This is the second of 3 extra episodes about Belgium and the EU. In our final part, tomorrow, we will focus on prisons and inmates.
Buying a house will set you back almost 201,000 euros in Latvia (on average). Latvia leads the European pack, and is followed by Estonia (just under 197,000) and Lithuania (194,730). France and Slovenia are also in the top-5.
Looking at the bottom of the list, we see Ireland with average real estate prices of just under 160,500. Romania, Cyprus, Bulgaria and Spain make up the rest of the bottom 5. Ireland reached rock-bottom position after the spectacular drop in property prices since the start of the crisis in 2008, with average property values being halved.
In the Baltic countries, it's rich Russians that are pushing up house prices. They are attracted by the lovely countryside close to their home country and the visa that allows them to travel through Europe.
"The time of major price hikes is over"
House prices in Belgium have not gone up spectacularly over the last years, explains Dajo Hermans, the spokesman for the federation of Flemish real estate agents. "Prices follow the rhythm of inflation. Before the crisis, we had major price hikes. This is over now." At that time, real estate prices climbed 6 to 8 percent each year. "This means that we are now paying double compared to 10 years ago. But I expect prices to remain rather stable now."
Inflation rates in Belgium were topped by a number of decisions taken by the government, while the transfer of tax deduction rates for mortgage payers from the federal to the regional level, may scare a number of buyers off. It is not clear yet whether the Flemish government will install the same profitable fiscal rates for house owners paying off their mortgage.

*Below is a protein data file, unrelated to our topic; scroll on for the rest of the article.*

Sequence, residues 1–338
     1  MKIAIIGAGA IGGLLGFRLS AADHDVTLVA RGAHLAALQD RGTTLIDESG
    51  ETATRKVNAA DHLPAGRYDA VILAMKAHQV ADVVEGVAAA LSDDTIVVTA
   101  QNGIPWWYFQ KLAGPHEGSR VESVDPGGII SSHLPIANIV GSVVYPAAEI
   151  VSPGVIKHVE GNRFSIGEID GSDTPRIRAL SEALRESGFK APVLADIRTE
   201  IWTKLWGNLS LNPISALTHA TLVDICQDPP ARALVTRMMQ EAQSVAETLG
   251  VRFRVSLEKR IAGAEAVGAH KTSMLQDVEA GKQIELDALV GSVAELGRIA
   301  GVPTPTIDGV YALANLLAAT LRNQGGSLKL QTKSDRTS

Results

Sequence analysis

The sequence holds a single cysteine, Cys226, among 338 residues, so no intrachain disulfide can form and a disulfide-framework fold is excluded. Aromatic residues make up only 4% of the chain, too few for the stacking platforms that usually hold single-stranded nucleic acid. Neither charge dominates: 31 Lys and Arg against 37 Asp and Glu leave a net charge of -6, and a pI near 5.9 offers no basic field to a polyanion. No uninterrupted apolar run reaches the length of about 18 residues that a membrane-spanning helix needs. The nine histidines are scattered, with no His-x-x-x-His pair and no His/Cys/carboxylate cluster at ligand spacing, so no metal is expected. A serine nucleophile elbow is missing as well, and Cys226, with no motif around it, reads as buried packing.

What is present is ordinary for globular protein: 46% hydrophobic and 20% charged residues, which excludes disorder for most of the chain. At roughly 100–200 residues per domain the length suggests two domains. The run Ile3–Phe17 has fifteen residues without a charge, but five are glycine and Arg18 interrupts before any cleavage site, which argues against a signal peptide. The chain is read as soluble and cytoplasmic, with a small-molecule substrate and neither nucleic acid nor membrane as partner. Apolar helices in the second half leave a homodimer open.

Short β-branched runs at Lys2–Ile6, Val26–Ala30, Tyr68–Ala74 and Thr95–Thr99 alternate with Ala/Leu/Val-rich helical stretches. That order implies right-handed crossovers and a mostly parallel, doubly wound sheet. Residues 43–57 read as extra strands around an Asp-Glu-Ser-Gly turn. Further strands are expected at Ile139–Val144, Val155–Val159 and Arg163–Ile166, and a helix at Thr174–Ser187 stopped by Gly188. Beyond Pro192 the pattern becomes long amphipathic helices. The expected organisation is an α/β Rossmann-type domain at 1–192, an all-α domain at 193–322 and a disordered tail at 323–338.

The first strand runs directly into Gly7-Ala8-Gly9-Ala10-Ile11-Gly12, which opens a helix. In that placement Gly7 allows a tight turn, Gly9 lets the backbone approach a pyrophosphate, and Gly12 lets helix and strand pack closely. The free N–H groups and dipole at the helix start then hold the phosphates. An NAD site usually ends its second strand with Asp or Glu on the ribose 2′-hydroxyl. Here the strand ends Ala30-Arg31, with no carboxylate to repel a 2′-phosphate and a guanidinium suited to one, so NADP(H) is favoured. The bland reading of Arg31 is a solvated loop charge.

There was a time...
There was a time, after the turn of the century, that is was hardly useful for potential buyers to save money, as property prices each year went up accordingly. "I managed to save between 5,000 and 10,000 euros each year, but noticed that property prices rose accordingly, or even more. This was very discouraging", 42-year-old Patrick told Flandersnews.
Patrick received good news after the outbreak of the crisis, when interest rates reached a historic low, and with price hikes becoming more moderate. "This allowed me to finally buy my own house. I really wanted to do that, also as an investment in the future. You can't keep on renting a house in the long term. That would be a lot of money thrown away."
Asked whether or not houses are still affordable, Patrick points to the fact that there is a major difference between single people and couples. "For single people, it's still a real challenge. For couples also, but if you both have a job, it makes it a lot easier."
More requirements to be granted a loan
However, times are tough, even for families with a double income. Banks are more reluctant to grant a loan, in the aftermath of the crisis. Banks are making more requirements. "Banks used to grant a loan worth up to 140 percent of the total value of the new premises. Now, this has dropped to 80 percent", says Hermans. "Buyers should provide 20 percent of the value in cash when purchasing the house or flat. This is not something obvious for many people. It's often the parents that are stepping in."
Another factor banks are taking into account, is your job. It's not just about your salary any longer. How sure are you that you can keep your work, and what are your long-term prospects? Real estate agents are pressing for starters' loans for house buyers, to give them the push in the back that they need.
Pros and cons
In a nutshell, there is good and bad news for house hunters: the major price hikes from the past are over, and interest rates on loans have reached rock-bottom. On the other hand, it is expected that interest rates will go up, and banks may impose even more conditions on potential buyers.
At the same time, the fiscal benefits for those paying off their mortgage will become a responsibility of the regions. It remains to be seen whether these will grant new buyers the same benefits as the federal government is doing now. In Het Laatste Nieuws, ING economist Peter Vanden Houte gives readers the advice to buy now. "Maybe this is the moment to take your chance."Others claim you don't have to hurry, because real estate prices are not expected to go up in the short term.